Rapper T.I. out of prison, gets reality TV show

ATLANTA Wed Aug 31, 2011 6:14pm EDT

Rapper Clifford ''T.I.'' Harris poses for a portrait while promoting the show ''T.I.'s Road To Redemption'' in New York February 2, 2009. REUTERS/Lucas Jackson

Rapper Clifford ''T.I.'' Harris poses for a portrait while promoting the show ''T.I.'s Road To Redemption'' in New York February 2, 2009.

Credit: Reuters/Lucas Jackson

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ATLANTA (Reuters) - Grammy Award-winning rapper T.I. was released after almost a year in prison Wednesday, and a TV network swiftly announced a reality show deal with him.

The Atlanta entertainer, whose real name is Clifford Harris, was sentenced in October 2010 to 11 months in prison stemming from weapons possession and drugs charges. It was his second stint behind bars in three years.

A U.S. Bureau of Prisons spokesman said the musician would spend the next month in a residential transition facility.

Hours later, cable channel VH1 said it had teamed up with the 30-year-old "Got Your Back" singer for a 10 episode series that will follow his readjustment to outside life and the making of a new album.

"Can the 'King of the South' stay on the straight and narrow while juggling the chaos of his kingdom?" VH1 said in a statement. The series will premiere on December 5.

"Viewers have always connected with T.I. and we are definitely thrilled to show the next chapter of this incredible artist's riveting life," VH1 original programing chief Jeff Olde said.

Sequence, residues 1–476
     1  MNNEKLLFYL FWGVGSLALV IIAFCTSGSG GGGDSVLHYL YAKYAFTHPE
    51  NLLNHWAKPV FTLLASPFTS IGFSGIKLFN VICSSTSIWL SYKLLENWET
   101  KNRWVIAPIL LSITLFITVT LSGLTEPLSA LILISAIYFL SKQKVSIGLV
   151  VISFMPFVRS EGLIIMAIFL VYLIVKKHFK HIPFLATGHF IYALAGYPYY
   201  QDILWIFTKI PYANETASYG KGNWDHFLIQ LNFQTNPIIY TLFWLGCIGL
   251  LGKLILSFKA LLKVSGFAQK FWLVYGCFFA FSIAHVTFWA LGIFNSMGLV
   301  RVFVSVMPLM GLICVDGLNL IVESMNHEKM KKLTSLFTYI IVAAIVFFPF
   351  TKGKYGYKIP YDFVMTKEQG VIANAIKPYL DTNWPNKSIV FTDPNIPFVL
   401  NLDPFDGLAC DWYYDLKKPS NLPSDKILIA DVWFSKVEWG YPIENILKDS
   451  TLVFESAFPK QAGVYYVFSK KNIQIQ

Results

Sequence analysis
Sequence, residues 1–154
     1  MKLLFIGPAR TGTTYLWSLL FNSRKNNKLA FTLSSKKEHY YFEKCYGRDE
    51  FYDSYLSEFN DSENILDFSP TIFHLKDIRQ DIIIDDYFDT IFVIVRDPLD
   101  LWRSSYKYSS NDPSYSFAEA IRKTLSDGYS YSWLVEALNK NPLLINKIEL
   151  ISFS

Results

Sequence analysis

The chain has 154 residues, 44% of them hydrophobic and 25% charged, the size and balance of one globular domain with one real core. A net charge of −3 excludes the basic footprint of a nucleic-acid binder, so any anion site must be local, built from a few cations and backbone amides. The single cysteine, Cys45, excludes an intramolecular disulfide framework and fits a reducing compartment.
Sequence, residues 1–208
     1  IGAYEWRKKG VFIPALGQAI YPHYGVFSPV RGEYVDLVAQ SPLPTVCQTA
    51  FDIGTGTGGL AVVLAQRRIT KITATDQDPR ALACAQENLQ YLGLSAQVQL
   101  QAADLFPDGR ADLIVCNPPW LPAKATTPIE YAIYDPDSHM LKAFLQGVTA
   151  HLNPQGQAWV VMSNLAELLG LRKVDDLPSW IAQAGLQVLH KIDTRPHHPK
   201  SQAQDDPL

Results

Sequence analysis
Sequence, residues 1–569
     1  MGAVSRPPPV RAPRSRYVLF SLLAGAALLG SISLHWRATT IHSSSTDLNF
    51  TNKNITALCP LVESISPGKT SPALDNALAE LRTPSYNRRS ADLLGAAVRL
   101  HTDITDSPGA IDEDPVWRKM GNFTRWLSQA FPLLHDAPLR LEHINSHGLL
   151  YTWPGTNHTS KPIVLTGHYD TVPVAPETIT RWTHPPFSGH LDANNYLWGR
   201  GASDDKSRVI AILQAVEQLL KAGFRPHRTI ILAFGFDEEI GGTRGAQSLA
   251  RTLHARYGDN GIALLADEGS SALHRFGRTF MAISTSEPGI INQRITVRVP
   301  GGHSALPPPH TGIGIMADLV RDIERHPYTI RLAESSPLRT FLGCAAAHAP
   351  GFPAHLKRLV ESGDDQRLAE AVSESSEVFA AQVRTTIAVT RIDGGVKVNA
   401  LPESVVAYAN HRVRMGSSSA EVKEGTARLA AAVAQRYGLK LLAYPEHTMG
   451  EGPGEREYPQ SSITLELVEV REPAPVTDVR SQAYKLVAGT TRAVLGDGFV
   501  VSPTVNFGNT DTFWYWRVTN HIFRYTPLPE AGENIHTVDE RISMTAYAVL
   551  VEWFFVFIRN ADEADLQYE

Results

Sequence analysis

T.I.'s career began as a rapper in 2001 and he went on to find success as a record producer and actor in movies like "Takers."

He was arrested in 2007 on federal gun charges on the same day he was due to perform at the Black Entertainment Television awards, and later sentenced to one year.

But in late 2010, he was deemed to have violated his probation when drugs were found in his car in Los Angeles and he was sent back to prison.

Federal prisoners typically spend the last portion of their sentences in Residential Reentry Centers, formerly called halfway houses, prisons spokesman Edmond Ross said. Prisoners normally are assigned to centers in or near their hometowns.

(Reporting by David Beasley and Jill Serjeant; Editing by Colleen Jenkins and Greg McCune)

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